In 1699, to re-establish a stable national currency, the English government appointed Sir Isaac Newton the greatest mathematician and scientist of the age as Master of the Royal Mint.1 He successfully oversaw the recoinage and stabilization of England’s currency and helped prosecute dozens of counterfeiters. His accomplishments led to much of England’s economic growth in decades to come.
In 1789, the Congress of the United States established the Department of the Treasury. President George Washington appointed Alexander Hamilton, one of the great financiers of the era, as the first Secretary of the Treasury. His face is on the ten-dollar bill.
Because of their accomplishments, these two men are well known in history. Now we come to Bitcoin. Who started this phenomenon? Satoshi Nakamoto. Why isn’t he on the cover of magazines or have his own cable news talk show? Because no such person exists. Satoshi Nakamoto is a pseudonym. Is he a man, a woman, or a group of people? No one knows, not even the National Enquirer who presumably has made a thorough search for him both here on earth and on nearby planets as well. Thus the person who launched the cryptocurrency revolution remains unknown.
This is what Satoshi did. In 2008, he or she published on a cryptocurrency discussion site a white paper: "Bitcoin: A Peer-to-Peer Electronic Cash System.” In 2009 this same person issued the first bitcoin software which provides for a blockchain database (which solves the problem of double spending of digital currency) and the first bitcoins. In 2011,2 Satoshi Nakamoto stopped communicating and vanished into thin air.3 His bitcoin stash according to the bitcoin public ledger is worth billions.
While fewer than 5,000,000 people worldwide regularly use bitcoin, the introduction of a functioning and legitimate cryptocurrency into the marketplace has roiled the financial world. A handful of people have made cryptocurrency fortunes. The most well-known are the Winklevoss twins who receive a lot of coverage because they are young, rich, and handsome— which always gets more attention than old, poor, and ugly. They “have amassed a Bitcoin fortune worth about $1.3 billion as of [December 19, 2017), according to estimates from the New York Times.4 The twins did this openly, legally, and with full transparency.
But this transparency is thought to be the exception. What many view as the greatest allure of cryptocurrencies is the ability to buy or sell things anonymously. Others, including governments and law enforcement, view this feature with the greatest alarm. Their concerns are easy to understand when you take a look at Silk Road, exhibit A in the bitcoin criminal hall of fame.
Once the biggest online illegal drug marketplace, the Silk Road site flourished for two years until the FBI tracked down the founder, Ross Ulbricht (aka Dread Pirate Roberts), and arrested him in October of 2013. Since the FBI took him down in a branch of the San Francisco Public Library while he worked on his computer, they couldn’t just walk up to him and show their badges. He would erase everything. So two FBI agents staged a lovers’ quarrel and distracted him. While distracted, another FBI agent snatched his computer. In less than two years his site had attracted one million registered users.5 The only method of payment accepted? Bitcoin.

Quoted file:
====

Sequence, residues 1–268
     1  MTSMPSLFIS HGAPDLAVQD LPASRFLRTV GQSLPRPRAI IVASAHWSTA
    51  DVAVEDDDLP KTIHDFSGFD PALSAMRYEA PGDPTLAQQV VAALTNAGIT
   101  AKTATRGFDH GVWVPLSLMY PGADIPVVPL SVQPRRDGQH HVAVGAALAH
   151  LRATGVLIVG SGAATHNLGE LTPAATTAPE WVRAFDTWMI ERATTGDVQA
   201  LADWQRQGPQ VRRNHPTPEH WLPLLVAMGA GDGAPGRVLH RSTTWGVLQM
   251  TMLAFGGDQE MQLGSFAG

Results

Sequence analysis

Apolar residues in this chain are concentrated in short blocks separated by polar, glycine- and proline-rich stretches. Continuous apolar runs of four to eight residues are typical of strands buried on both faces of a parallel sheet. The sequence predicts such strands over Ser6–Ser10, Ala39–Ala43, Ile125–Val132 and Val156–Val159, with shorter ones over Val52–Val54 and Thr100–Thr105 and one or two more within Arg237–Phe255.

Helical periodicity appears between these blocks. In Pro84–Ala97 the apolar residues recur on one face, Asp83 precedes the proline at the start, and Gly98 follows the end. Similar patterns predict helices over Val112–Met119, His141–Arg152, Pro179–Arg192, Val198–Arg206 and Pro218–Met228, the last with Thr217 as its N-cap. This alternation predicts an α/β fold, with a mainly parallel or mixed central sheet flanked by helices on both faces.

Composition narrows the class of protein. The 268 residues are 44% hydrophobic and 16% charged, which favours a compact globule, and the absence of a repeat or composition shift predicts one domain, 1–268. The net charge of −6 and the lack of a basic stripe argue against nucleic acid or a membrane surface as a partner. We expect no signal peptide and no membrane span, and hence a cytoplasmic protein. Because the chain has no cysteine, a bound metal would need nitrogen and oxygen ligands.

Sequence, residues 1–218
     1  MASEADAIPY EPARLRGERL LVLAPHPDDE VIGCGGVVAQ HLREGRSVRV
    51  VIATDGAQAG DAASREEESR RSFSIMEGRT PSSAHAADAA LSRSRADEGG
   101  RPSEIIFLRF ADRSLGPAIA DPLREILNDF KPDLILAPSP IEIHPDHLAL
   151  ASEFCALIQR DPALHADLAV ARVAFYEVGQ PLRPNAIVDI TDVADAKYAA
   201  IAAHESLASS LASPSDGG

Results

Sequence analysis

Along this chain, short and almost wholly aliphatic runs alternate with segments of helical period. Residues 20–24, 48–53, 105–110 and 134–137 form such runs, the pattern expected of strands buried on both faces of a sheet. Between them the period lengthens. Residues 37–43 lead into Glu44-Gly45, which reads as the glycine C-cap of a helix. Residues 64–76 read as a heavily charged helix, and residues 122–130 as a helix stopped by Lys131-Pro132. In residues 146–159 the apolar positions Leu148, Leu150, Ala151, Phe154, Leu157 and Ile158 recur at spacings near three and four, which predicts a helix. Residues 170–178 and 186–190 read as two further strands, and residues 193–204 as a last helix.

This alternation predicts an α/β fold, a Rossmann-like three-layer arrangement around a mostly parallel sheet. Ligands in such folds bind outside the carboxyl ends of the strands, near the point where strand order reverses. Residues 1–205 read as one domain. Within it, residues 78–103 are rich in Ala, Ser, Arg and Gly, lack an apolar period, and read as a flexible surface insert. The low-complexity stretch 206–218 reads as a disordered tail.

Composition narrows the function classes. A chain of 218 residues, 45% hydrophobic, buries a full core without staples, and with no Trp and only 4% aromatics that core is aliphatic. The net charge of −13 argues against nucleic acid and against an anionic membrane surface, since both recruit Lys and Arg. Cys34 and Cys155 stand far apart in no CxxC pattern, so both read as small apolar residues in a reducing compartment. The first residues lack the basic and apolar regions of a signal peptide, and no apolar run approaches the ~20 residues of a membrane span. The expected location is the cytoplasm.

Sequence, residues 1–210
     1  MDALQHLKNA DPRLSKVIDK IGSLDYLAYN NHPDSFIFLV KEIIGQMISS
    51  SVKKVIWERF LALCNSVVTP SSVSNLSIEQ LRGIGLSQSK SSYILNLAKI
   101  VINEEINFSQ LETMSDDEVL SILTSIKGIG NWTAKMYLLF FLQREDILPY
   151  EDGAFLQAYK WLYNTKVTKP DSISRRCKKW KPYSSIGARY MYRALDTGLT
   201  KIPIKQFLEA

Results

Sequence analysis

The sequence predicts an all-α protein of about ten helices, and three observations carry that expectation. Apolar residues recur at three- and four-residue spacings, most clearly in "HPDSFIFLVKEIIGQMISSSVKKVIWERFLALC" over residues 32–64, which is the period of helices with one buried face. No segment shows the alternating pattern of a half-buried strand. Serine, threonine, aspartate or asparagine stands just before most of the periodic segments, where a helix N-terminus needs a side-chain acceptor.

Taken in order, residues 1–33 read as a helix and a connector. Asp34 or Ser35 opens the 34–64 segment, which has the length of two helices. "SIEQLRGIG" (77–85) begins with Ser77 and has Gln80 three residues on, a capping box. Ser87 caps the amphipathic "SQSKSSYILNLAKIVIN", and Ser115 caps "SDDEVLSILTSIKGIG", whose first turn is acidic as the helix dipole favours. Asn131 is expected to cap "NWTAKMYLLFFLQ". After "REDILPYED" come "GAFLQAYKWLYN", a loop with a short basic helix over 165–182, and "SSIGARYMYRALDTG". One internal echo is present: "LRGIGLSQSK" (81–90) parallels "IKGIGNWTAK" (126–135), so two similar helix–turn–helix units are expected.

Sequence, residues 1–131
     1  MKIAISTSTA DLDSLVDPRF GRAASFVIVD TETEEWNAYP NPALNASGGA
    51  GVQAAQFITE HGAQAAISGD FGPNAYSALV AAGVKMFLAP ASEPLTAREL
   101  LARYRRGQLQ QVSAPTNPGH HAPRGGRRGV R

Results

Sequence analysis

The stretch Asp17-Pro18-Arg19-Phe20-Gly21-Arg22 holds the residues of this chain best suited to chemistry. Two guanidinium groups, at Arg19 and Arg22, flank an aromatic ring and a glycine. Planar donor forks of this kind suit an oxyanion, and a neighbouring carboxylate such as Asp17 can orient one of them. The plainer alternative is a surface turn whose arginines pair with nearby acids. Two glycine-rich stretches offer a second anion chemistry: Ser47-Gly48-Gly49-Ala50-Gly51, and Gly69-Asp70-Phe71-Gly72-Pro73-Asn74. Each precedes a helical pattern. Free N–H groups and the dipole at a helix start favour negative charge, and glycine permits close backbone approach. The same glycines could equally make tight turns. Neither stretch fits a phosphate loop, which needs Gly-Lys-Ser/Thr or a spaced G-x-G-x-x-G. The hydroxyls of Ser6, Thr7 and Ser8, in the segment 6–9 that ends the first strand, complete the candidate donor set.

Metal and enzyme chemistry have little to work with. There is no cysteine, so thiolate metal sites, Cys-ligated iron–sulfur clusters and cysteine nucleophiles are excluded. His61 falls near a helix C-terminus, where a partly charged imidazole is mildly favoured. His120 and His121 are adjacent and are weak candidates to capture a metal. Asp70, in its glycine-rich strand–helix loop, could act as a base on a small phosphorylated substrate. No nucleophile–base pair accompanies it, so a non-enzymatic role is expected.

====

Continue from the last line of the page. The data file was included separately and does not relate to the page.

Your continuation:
Financial authorities worldwide are struggling to construct a regulatory framework for cryptocurrencies. Both China and South Korea have taken various actions against cryptocurrency dealers and continue to do so which causes great price variations in the market.6 Facebook recently banned ads for cryptocurrencies.
If this wasn't enough, in the mysterious insider’s world of bitcoin itself, the sixty or so people who own and operate the bitcoin.com site have had a falling out. According to press reports from Breakit, a Swedish website, one of the co-founders of the site and its chief technology officer, Emil Oldenburg, has sold all of his bitcoins. He says he is skeptical about the future of bitcoin and has switched to a new cryptocurrency known as Bitcoin Cash.
Whether you or your clients want to speculate in cryptocurrencies is your decision. Cannon doesn’t give financial advice. That’s your job. Good luck!
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2People disagree on this date and on a lot of things about bitcoin
5Wired Magazine: the Untold Story of Silk Road Part One
Contributing Writer: Subject Matter Expert Charles McCain